29 JANUARY 1910, Page 2

It is often assumed that Trusts can be kept in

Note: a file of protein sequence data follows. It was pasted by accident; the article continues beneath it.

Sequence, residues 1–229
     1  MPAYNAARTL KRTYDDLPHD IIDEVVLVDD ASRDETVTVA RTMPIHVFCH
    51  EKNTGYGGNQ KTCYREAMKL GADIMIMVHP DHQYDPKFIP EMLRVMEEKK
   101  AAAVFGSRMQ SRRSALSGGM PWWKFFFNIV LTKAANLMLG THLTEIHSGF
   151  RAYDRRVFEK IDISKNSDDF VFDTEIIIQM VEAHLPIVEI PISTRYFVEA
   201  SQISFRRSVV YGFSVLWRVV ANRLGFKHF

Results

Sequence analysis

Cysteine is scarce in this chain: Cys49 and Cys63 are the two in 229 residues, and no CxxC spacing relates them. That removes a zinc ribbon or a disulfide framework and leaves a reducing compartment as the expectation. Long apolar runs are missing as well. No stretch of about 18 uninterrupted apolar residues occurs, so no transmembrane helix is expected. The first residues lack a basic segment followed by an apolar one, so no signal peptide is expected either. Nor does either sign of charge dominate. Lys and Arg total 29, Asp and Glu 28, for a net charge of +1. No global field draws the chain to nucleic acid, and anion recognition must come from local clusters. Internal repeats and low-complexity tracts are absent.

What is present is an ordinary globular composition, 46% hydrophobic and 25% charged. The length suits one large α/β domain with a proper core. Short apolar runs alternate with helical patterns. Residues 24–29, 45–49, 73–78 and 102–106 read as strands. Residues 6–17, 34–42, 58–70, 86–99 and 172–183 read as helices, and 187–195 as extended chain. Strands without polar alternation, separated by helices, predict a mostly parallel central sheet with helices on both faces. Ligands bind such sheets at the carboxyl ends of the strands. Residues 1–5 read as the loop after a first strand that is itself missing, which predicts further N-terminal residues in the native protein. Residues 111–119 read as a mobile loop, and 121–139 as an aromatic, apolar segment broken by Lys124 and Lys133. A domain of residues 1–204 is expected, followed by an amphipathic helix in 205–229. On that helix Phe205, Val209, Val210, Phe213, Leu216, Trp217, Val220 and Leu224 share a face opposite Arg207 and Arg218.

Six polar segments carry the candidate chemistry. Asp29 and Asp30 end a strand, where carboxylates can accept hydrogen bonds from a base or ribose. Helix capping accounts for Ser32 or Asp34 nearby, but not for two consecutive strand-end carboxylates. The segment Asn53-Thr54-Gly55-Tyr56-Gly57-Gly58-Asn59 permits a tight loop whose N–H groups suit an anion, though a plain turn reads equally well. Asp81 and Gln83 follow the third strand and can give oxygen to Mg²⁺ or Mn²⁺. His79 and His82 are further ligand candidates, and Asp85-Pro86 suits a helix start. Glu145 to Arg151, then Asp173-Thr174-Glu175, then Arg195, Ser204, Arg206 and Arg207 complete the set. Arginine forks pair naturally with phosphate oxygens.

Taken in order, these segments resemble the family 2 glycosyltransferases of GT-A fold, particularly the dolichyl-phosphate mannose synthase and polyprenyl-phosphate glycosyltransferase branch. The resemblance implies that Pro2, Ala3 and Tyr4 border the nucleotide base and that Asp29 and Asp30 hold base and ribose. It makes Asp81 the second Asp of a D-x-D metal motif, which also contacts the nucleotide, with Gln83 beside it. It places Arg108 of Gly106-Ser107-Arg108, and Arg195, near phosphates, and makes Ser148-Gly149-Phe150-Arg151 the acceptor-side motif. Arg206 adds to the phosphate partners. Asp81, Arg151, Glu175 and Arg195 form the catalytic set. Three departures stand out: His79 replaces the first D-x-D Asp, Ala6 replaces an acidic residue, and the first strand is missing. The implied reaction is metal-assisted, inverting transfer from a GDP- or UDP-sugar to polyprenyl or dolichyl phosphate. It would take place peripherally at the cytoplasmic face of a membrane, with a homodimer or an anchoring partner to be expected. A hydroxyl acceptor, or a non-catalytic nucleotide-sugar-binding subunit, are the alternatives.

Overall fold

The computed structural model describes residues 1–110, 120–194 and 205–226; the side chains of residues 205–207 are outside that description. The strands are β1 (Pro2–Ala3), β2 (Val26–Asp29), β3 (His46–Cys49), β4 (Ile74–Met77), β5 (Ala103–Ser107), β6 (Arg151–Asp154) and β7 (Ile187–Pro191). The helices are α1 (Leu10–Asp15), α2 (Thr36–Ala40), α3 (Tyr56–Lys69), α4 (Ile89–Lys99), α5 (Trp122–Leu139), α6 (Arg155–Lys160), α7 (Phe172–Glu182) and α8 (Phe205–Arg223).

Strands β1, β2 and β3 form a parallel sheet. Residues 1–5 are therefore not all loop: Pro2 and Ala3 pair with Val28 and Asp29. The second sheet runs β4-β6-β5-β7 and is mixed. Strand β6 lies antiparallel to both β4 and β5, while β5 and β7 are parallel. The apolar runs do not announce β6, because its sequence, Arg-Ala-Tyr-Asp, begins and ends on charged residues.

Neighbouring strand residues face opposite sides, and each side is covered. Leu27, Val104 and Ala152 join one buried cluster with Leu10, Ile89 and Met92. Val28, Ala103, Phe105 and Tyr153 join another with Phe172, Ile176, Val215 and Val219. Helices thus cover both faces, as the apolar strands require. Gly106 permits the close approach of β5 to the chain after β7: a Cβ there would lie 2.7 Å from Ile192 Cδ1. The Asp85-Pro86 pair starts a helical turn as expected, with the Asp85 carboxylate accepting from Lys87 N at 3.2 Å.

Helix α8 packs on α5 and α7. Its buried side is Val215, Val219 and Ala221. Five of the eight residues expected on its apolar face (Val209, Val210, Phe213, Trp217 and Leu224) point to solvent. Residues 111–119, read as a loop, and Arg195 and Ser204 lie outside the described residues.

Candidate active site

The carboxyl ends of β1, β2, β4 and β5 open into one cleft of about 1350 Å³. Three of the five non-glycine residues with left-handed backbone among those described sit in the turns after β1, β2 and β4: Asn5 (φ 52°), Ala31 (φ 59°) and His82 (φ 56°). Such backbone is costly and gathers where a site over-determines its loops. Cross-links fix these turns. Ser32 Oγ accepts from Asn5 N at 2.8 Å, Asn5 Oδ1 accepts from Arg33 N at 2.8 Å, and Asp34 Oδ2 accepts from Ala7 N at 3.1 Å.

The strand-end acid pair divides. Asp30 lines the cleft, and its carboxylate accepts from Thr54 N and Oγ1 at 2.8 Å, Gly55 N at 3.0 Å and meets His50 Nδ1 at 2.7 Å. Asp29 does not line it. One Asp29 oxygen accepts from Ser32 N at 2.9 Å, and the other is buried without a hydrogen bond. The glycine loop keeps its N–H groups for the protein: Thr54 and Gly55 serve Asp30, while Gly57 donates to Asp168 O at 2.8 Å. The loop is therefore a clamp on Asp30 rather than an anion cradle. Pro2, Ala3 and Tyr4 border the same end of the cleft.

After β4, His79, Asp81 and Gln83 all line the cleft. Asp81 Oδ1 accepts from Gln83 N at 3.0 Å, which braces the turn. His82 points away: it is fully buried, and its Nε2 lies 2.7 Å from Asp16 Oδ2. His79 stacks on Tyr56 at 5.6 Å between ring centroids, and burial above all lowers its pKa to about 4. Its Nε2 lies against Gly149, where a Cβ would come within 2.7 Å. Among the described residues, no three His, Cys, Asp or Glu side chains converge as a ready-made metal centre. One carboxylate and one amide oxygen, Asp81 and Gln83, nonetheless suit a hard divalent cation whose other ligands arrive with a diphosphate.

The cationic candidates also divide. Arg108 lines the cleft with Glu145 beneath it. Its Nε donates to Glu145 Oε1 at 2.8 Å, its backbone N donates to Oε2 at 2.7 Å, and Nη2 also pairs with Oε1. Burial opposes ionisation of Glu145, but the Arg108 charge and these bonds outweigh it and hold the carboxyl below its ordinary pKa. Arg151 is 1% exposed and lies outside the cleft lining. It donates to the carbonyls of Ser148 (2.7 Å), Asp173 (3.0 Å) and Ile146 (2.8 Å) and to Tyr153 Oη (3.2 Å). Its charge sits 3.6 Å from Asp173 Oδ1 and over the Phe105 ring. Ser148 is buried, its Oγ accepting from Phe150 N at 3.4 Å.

order only by the action of the State, and for Socialists and Protectionists who cheerfully look upon the regulation of trade by the State as an advantage this is at least logical. Much is being expected of Mr. Taft's promised prosecution of various corporations; he is credited with as much righteous anger as Mr. Roosevelt ever displayed in this matter. But we should not be surprised if the present boycott caused people to revise their opinion about the potency of State as compared with private action. A boycott of such a wasting material as beef must be wonder- fully drastic. Abstention from beef for sixty days, when there is plenty of other things to eat, is no great hardship. We suspect that the injury to the Beef Trust might even be permanent, because if a good many persons discovered that their health improved during their temporary abstention from butcher's meat they might learn, if not to do without it regularly, at all events to eat less. The possibilities are in -fact endless. One monopoly after another might be reduced to good behaviour if the consumers organised themselves.